ISO Hunt

So last week, we learned about ISO settings. Basically, telling the camera how to react to the light. A low ISO setting (ISO 80, 100, 200) tells the camera “There’s plenty of light, so don’t worry about it”, while a higher ISO setting (ISO 600, 800, 1600) tells the camera “There’s not much light, so try to be speedy about taking the pic”.

Unlike Aperture, which will let in more or less light through the camera lens, ISO simply tricks the camera into reacting much quicker. There are pros and cons to this, and choosing which one to play with is a science that I’m only just starting to understand.

Our assignment was to take three different ISO shots in two different light settings. I took a few shots at a local aquarium shop (Riverscape Aquiarium) and a few more in a park not too far from home with some friends.

ISO pro:

Bumping up the ISO to get more light maintains a quicker shutter speed (the time it take to actually take the picture), making it possible to capture your kid’s dance recital without using your flash (which isn’t allowed anyway). The fact that the picture is still taken quickly means that what you on the picture is a kid dancing; not a fuzzy blur. In my case, I got pictures of fish, not grey blurs on blue backgrounds…

IMG_2136 IMG_2143IMG_2142

Above are the difference between a slow speed/low ISO shot, a high speed/high ISO (800) shot and a high speed/higher ISO (1600) shot. Of course, these can be worked with to get a better looking fish, but these initial shots are untouched.


This is the middle shot, but retouched to get fishie’s true colour… I’ll get those as original shots soon enough… And when I’m “allowed” to use my flash!
ISO cons:

Having a very high ISO tends to give grainy pictures. The camera is trying to react so quickly to light that it gets periodically confused and may add a few colourful pixels or smudges where they don’t belong. Works wonders to make portraits look like their subjects have really weird and patchy skin tones… Or make my fish models (seen below) look like it’s emanating light.


This is a high speed, high ISO shot (1600) with a lot for the camera to take in… As you can see, the background colour gets grainy around the bottom fish and substrate… A lower ISO would’ve gotten a much more crisp shot; but sadly, the light condition wouldn’t really allow for that, especially without my flash.

I’ll get there eventually… For now, I’m just glad the fish look like fish and not blurry messes!


Remain calm and step awaaaay from the presets!

babyfaceLast week, we learned about the Program AE, shutter speed, aperture and manual settings. On my camera, they’re shown as P, Tv, Av and M. Basically, we were shown how to play around with white balance, and control how much light comes into the shot or how fast the shot is taken (he used the example of a helicopter… “Do you want a static looking image where it the blades are perfectly visible, as if it’s falling out of the sky? Or do you want a slight blur to show they’re moving?”. I’m not ready to go full-manual yet, but it’s to know I at least have the lingo down!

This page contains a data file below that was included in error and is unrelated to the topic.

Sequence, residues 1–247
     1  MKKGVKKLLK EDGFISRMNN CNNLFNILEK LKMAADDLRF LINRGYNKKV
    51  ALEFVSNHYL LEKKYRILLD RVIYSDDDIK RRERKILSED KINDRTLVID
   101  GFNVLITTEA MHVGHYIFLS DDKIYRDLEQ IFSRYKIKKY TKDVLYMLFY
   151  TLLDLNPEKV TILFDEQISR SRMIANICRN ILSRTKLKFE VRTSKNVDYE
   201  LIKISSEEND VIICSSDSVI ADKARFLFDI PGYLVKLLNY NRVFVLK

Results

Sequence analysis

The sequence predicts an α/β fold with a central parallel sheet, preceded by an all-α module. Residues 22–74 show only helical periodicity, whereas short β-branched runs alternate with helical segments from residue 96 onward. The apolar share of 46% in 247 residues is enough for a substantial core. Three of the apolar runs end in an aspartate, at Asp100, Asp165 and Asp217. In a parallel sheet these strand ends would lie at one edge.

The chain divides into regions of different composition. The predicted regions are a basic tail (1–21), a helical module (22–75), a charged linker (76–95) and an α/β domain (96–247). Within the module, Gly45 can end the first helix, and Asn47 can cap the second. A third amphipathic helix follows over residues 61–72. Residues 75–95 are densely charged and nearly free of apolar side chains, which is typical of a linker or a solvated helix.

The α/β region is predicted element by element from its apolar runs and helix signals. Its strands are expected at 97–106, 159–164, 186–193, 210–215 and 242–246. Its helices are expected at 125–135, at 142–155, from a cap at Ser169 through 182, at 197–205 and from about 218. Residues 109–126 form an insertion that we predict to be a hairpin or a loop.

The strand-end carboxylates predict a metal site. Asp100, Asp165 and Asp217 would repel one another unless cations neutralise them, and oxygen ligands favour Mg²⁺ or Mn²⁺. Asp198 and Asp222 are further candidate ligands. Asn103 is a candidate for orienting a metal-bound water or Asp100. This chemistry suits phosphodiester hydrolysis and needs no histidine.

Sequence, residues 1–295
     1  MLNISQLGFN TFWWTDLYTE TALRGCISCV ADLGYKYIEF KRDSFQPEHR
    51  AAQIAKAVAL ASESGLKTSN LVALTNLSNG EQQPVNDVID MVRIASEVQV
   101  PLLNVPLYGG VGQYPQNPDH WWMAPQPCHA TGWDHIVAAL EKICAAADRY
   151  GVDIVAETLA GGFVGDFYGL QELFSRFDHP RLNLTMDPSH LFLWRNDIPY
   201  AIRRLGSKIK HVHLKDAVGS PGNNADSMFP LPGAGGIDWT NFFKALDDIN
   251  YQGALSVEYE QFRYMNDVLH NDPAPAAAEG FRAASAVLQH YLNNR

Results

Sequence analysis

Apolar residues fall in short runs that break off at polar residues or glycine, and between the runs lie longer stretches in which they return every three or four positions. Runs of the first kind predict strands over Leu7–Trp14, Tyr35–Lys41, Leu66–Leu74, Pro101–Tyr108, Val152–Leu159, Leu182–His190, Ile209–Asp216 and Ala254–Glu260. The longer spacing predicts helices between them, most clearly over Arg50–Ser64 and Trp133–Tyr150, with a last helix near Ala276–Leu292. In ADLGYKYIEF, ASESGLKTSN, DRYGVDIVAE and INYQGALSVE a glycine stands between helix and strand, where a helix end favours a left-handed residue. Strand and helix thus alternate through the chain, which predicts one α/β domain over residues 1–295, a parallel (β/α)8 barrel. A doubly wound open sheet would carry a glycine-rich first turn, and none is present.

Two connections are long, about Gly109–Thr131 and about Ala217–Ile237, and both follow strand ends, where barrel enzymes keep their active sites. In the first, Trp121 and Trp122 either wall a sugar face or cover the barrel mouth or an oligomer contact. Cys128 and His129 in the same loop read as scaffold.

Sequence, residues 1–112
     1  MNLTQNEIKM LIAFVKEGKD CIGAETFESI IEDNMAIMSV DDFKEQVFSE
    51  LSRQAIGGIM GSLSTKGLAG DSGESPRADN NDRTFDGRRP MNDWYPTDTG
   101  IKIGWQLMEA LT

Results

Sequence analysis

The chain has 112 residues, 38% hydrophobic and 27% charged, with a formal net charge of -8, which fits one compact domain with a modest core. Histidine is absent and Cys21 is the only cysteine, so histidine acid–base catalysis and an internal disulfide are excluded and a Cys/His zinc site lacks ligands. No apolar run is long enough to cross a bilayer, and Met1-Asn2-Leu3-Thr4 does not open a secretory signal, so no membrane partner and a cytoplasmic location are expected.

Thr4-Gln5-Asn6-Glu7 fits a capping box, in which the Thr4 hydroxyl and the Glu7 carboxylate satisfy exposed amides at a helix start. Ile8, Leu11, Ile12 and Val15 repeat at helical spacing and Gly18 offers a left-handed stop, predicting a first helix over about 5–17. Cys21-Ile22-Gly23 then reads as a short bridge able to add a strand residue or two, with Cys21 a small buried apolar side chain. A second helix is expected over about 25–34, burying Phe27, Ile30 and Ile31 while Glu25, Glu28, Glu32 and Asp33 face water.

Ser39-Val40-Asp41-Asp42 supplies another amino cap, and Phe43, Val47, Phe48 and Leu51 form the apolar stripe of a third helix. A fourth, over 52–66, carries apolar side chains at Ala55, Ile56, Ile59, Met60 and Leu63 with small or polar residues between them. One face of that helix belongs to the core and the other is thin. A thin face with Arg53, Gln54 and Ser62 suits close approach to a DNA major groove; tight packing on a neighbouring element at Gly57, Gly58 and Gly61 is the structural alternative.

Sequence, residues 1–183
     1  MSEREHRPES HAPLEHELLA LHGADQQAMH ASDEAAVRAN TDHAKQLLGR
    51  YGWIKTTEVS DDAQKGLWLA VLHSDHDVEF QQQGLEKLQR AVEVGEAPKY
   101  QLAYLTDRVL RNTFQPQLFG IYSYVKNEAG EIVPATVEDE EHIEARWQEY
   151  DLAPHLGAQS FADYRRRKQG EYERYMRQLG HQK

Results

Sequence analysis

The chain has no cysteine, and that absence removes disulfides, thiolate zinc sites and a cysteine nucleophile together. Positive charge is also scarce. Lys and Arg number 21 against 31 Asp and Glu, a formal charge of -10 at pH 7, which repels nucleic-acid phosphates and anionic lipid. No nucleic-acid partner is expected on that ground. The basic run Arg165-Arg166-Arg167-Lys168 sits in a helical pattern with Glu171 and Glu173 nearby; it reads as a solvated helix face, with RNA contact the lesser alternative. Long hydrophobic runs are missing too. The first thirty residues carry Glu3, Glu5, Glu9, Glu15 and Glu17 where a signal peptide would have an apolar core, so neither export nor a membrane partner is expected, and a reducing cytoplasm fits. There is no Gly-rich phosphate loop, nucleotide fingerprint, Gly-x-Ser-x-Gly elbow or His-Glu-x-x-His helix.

Our assignment this week was to play with white balance in whichever settings we chose between the four mentioned above. I went with the easy P setting, and let the camera choose my shutter speed and aperture setting. I tried to shoot my very active baby and got a bunch of half-blurred shots. I also wanted to see how other colours would look (instead of just white)… So I put a few bright and high contrast toys together and told them to smile.

So, my camera offers 8 different options -well, 7 if you don’t count Custom: Auto, Day Light, Cloudy, Tungsten, Fluorescent, Fluorescent H and Flash. Depending where you’re shooting, some options are best (obviously). In my case, in my livingroom, at night, under a warm light (slightly yellow) these options are the difference between a clean bus, rosy piggy and happy panda:


(shot with the Tungsten setting)

…and a vintage bus, pig-from-the-land-of-Cheetos and jaundiced panda:


(shot with the Cloudy setting)

I also learned that shots taken in these non-presets are analyzed by my camera, who then suggests the best cropping options for a general shot or a close up! Thanks, camera, it’s awesome to know you got my back! ❤

Intro to my photography class

Canon PowerShot SX1 IS

I decided to blog about what I’m learning in my photography class, while I get to know my Canon PowerShot SX1 IS. I’ve had the camera for years, but I never knew how to go beyond the presets…

This class, Beyond the Point and Shoot, is pretty darn awesome so far and I invite you to tag along while I geek out over my classes.

This being said, there’s a fine line between telling you what I’m learning and telling you what the teacher is teaching. I’m not going to give you summaries of his classes, since I feel that would be like pirating his brain. I’m not big on that.

SO! Without further ado… Let’s get blogging! 😀